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Can't really go wrong with the nikon or canon offerings as they have the most number of compatible lenses out there. However, I would get the D60 or D80 instead of the D40 for the Nikon.
 

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As a novice, one thing you may want to consider is which camera comes with the widest angle lens for your real estate work. I know the Olympus comes w. a 14mm which does a pretty good job.Unless you want to dump a ton of money into a pancake lens, the kit lens could potentially be your deciding factor as you probably aren't concerned with all the professional features of a camera at this point. You will find that the auto feature on all the cameras you are considering works pretty much the same in that they turn the camera into a high end point and shoot. They should all work very nearly equal for your indoor and watch photography.

Just remember, if you really want good pictures of your watches, you need to get the light away from the camera (don't use flash). You may consider a lightbox as a followup purchase to whatever you decide to go with.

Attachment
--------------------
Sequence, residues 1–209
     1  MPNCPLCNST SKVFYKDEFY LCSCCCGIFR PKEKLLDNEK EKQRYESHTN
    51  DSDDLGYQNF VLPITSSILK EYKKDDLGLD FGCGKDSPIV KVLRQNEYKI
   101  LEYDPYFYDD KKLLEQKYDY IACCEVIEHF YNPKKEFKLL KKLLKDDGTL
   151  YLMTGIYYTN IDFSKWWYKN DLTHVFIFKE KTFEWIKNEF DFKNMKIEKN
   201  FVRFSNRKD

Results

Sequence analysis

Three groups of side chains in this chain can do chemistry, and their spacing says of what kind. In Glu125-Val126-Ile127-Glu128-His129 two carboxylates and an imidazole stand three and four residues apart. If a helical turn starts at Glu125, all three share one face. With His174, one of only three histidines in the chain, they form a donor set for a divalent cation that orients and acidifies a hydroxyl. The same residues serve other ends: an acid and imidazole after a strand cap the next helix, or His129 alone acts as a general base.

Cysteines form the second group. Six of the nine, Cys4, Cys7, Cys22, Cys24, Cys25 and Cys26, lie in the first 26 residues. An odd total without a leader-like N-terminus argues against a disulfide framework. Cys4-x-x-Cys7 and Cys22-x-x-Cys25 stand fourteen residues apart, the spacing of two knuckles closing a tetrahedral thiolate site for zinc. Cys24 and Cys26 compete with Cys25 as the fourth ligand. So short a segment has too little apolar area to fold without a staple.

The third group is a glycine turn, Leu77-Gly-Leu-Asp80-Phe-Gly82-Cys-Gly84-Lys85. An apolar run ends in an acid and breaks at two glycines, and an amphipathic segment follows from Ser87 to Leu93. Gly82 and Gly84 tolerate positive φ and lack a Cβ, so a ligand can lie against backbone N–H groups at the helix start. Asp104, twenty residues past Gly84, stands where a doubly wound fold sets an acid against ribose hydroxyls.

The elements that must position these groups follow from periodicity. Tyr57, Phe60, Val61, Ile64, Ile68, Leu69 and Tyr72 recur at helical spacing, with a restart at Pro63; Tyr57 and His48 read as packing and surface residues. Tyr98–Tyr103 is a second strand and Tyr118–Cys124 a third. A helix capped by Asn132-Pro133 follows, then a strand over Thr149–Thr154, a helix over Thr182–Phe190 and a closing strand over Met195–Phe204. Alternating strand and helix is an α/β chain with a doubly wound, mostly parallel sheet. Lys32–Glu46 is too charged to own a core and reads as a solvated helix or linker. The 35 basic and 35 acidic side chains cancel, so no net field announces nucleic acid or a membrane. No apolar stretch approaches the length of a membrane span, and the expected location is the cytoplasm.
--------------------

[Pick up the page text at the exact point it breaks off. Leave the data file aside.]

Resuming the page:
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For a beginner SLR, I vote for the Olympus. Value for dollar I don't think it can be beat because of the Zuiko lenses that can be purchased with the kit. Neither Canon nor Nikor (nor sigma or tamron) can match these lenses at their price point. As a Canon guy, I must say Olympus has the ergonomics of a small camera down pat too.

The downsides are that it has a smaller sensor, so it's not terrific in low light and if you deside to upgrade at a later date you are stuck with the 4/3rds system. Since you aren't out much money in the beginning ($750 will get you roughly 22-400mm, converted to 35mm) I think it's a wash.